Currently ranked 111th in the world, some are starting to wonder how much longer Lopez will continue playing. So far this season he has achieved a win-loss record of 9-19 with his best performance being a run to the quarter-finals of the Mallorca Open which was held on the grass. It was in Mallorca where he defeated Karen Khachanov who is the only top 30 player he has beaten so far in 2021.

I play year-by-year, the last 6-7 years have been like this, a tennis player at that age cannot think about extending his career. After turning 30 I have been lucky, I have obtained the best results of my career,” Lopez told reporters on Friday.
It is not very common for players my age, at (almost) 40 years to continue playing in the best tournaments.” He added.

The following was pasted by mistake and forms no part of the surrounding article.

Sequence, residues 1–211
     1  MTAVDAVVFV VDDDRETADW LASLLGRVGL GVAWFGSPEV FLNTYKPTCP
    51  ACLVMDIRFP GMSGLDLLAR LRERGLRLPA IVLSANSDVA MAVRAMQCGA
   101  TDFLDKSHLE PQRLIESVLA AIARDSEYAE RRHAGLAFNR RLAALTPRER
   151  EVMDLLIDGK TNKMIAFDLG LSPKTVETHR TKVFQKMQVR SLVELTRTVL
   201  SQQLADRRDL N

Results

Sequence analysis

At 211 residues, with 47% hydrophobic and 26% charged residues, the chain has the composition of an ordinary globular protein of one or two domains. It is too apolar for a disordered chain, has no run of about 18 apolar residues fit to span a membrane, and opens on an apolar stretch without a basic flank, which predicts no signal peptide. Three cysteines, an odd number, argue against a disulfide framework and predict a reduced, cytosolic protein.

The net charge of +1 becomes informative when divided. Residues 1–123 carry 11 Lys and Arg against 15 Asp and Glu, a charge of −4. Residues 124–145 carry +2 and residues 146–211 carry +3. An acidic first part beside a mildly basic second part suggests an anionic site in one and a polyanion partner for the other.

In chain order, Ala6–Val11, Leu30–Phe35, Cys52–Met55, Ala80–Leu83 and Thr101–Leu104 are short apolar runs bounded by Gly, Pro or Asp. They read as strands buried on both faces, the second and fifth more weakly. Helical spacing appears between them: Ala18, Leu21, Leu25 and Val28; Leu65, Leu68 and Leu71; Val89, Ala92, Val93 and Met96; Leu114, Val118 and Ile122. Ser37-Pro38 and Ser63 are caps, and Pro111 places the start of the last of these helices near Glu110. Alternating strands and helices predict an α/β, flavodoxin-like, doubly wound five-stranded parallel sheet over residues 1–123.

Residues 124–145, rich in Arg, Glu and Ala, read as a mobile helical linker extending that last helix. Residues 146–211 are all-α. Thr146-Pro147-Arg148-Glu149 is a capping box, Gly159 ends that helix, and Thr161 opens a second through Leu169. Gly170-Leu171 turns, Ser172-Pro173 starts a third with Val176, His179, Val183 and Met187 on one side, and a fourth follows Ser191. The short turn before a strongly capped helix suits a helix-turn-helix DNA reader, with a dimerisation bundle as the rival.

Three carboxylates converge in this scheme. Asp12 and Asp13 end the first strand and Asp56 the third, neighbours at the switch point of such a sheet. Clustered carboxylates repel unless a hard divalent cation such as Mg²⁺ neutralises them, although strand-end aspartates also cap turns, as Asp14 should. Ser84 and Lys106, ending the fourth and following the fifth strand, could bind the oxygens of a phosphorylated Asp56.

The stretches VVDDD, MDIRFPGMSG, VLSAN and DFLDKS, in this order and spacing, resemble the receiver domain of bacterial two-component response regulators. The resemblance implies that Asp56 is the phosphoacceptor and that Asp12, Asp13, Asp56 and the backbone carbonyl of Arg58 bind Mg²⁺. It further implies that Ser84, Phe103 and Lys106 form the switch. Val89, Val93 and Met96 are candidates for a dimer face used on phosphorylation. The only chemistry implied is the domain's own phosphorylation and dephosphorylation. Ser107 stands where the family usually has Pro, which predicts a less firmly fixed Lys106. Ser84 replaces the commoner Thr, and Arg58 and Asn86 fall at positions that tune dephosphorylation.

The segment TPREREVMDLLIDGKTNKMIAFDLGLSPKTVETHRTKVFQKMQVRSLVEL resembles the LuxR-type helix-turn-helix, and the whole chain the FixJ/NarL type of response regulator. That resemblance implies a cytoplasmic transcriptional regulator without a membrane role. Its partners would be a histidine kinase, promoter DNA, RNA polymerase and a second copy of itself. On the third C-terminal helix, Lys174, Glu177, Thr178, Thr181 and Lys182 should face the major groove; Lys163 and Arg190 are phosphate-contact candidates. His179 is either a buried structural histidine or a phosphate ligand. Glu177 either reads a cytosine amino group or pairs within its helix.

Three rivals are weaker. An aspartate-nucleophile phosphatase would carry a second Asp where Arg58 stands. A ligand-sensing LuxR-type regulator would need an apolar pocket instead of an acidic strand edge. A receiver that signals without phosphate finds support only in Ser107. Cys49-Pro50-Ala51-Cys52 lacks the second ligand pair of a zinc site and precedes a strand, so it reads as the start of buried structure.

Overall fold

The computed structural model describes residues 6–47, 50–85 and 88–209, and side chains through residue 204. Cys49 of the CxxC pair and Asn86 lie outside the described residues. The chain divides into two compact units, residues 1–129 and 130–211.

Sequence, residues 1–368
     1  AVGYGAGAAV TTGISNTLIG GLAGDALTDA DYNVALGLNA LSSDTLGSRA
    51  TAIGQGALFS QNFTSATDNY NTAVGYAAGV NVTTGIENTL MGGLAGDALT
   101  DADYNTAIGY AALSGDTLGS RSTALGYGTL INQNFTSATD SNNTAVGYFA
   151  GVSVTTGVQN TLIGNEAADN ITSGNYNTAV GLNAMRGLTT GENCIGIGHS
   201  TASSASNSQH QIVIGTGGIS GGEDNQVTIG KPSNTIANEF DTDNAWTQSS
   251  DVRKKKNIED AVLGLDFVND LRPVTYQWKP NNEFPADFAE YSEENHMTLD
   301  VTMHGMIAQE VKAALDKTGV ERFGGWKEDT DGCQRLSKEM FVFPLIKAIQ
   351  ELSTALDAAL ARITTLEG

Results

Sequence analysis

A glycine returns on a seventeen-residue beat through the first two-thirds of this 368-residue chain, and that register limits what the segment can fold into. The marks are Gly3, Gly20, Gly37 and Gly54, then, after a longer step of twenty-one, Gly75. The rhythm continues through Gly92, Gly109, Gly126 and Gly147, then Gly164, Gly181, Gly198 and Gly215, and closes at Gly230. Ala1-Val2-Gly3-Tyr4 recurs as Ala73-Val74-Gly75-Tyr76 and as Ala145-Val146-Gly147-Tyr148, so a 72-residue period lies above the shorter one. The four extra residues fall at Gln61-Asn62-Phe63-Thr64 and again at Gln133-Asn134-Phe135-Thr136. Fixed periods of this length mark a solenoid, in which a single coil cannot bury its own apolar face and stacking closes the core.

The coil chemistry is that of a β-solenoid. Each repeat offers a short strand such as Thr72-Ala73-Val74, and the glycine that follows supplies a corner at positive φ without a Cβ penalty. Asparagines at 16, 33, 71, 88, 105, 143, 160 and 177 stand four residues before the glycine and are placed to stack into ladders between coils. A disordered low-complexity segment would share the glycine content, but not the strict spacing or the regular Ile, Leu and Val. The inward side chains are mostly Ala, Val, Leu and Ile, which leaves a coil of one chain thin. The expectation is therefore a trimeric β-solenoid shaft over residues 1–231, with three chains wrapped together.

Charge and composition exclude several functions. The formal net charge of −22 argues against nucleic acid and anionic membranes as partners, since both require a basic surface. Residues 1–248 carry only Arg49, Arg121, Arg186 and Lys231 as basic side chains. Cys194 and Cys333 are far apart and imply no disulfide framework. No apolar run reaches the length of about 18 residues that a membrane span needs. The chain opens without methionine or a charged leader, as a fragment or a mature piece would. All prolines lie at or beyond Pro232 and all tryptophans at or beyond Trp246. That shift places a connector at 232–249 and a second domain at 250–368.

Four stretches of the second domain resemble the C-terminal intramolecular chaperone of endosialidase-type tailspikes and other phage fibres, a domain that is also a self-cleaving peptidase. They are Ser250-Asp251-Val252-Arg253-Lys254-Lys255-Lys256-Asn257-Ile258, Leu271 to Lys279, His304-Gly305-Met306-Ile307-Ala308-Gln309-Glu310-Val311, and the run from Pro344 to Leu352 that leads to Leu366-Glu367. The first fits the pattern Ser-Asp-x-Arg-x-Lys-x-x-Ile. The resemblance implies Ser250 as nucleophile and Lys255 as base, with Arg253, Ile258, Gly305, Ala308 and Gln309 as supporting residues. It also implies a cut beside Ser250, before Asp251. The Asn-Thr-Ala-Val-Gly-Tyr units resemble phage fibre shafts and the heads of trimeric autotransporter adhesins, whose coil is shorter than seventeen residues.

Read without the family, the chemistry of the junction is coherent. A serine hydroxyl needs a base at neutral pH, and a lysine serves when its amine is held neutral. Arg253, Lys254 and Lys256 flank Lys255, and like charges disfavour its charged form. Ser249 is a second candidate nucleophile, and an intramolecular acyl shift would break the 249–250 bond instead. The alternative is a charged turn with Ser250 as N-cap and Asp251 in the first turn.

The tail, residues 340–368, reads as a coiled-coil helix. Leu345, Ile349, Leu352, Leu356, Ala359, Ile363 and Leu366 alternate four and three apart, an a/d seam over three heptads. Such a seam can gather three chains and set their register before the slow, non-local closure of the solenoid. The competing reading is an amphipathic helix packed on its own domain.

Throughout his career, Lopez has impressively played in a record 78 consecutive Grand Slam tournaments dating back to the 2002 French Open. During that period he has reached the quarter-finals of a major tournament on four occasions.

“I don’t play to break records, what makes me most excited is to continue playing Grand Slams. For me, maintaining that record (78 consecutive Grand Slams played) is very nice, but more to follow. Being competitive,” he commented on the milestone.
“It is difficult for someone to overcome it because it is 20 years in a row without missing a great one. I have had continuity and enormous luck. Those of my generation are practically all retired.”

Away from the court, the former world No.12 is the current tournament director of the Madrid Open. Making him one of a few players historically to both be playing on the Tour and managing a tournament at the same time. Recently it was confirmed that Madrid will continue hosting it’s combined event until at least 2030 following a renewed agreement between the city council and the Madrid trophy promotion.

Lopez has won a total of seven ATP titles so far in his career and has earned more than $18M in prize money.